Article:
With the NDP’s long-awaited and controversial leadership convention beginning on Mar. 6, candidates Steve Ashton, Greg Selinger and Theresa Oswald are busy making final attempts to garner support and strengthen their chance of emerging from Canad Inns Polo Park on Mar. 8 as the NDP leader of Manitoba.
The stakes are particularly high this time around, as this is the closest a leadership challenge has been to a provincial election since 1988 - the election is tentatively scheduled for April 19, 2016.
The upcoming provincial election has been a focal point of each candidate’s campaign, but it has featured most prominently in Theresa Oswald’s platform. The Uniter spoke to Jennifer Howard, one of the “Rebel Five” cabinet ministers who resigned alongside Oswald in November last year, triggering the leadership contest.
Howard says there are a number of reasons why young people should consider supporting Oswald.
“Theresa is, like today’s young people, very forward-looking. She is consistently looking towards the next job we have to get done, without forgetting what we haven’t completely addressed,” Howard says.
Evan Krosney, a Grade 12 student at Oak Park High School and active member of the University of Winnipeg New Democrats, agrees with Howard in saying Oswald is the only candidate who is perceived to be enough of a change from Greg Selinger to defeat the Progressive-Conservative Party in 2016.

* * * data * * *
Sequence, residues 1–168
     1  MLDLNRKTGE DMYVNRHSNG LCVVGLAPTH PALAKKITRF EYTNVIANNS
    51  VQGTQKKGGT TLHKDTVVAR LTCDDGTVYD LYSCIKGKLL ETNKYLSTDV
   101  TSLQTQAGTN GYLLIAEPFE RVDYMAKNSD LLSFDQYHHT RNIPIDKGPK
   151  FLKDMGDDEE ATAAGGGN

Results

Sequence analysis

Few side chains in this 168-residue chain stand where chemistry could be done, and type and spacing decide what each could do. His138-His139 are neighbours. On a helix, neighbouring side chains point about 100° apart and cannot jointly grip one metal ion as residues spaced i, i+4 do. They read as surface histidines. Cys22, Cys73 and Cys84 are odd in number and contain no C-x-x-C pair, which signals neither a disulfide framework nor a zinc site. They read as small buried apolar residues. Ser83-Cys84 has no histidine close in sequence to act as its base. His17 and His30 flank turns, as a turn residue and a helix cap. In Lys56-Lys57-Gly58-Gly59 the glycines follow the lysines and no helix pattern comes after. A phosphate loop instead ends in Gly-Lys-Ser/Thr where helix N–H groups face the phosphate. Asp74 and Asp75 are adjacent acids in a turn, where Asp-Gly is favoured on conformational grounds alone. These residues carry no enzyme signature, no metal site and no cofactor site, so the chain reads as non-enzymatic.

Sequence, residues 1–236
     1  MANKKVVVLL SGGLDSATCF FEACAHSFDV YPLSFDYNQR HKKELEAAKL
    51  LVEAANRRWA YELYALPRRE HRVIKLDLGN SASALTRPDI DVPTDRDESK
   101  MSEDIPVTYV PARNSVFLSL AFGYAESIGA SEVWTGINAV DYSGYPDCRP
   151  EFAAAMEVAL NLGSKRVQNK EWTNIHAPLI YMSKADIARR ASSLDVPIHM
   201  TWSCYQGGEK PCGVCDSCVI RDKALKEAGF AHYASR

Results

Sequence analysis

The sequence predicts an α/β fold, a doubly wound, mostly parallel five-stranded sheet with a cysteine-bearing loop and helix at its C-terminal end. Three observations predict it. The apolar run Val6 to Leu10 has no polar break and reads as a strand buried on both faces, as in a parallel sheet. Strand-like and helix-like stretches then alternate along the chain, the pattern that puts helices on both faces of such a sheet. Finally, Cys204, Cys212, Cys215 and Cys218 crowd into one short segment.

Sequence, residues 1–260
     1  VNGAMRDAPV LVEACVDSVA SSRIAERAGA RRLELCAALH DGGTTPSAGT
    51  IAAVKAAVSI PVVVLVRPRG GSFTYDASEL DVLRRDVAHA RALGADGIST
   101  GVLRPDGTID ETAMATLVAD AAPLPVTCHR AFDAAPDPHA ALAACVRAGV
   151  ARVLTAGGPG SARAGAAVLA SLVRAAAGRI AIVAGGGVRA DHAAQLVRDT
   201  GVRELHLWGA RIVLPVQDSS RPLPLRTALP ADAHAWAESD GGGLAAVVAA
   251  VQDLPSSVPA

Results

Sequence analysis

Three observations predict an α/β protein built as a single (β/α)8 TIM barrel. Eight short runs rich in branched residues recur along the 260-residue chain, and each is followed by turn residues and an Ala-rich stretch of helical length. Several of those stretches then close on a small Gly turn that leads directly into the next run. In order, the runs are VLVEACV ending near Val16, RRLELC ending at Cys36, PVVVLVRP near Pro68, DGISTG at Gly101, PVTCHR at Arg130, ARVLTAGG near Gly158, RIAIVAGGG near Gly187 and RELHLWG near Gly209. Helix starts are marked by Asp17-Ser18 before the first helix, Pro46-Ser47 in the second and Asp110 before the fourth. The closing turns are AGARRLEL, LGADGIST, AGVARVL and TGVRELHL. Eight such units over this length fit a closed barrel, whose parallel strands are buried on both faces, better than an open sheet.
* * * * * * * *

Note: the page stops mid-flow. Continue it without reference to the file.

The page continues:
“Theresa represents a generational change in our party,” Krosney says. “We won the support of hundreds of (young party members) across the province, and the new energy and excitement radiating from our campaign is a product of all the young people who make up our team.”
Although Oswald handily won the support of the Manitoba Young New Democrats, each candidate has been making youth-oriented promises.
Steve Ashton, who holds the lead in delegates over the other two candidates coming into convention, has promised to make the premier the Minister Responsible for Youth, to push for a minimum wage increase and to “increase apprenticeship and training within government itself.”
The current premier’s campaign promises have been few and far between, but a spokesperson for Selinger’s campaign stressed his long record of working with and delivering results for students.
“As finance minister, Greg delivered 10 consecutive balanced budgets without sacrificing things that matter, like keeping tuition affordable,” the spokesperson says. “Greg has always placed a lot of value on working with student leaders and politicians, which has led to such developments as the recent elimination of interest of Manitoba student loans.”
Allegiances aside, all the representatives and supporters we reached spoke at length to the importance of young Manitobans engaging in partisan politics.
Jeremy Read, who runs communications for Selinger’s campaign, presented partisan politics as much more than just aligning oneself with an ideology and defending it.
“Joining a political party is a way for young people to learn the inner mechanisms of government, to meet the current, future and past leaders of your province and country, and most of all to understand how to listen to and understand the viewpoints of others,” he says.
The annual provincial NDP convention takes place at Canad Inns Polo Park from March 6-8. Go to todaysndp.ca for more information.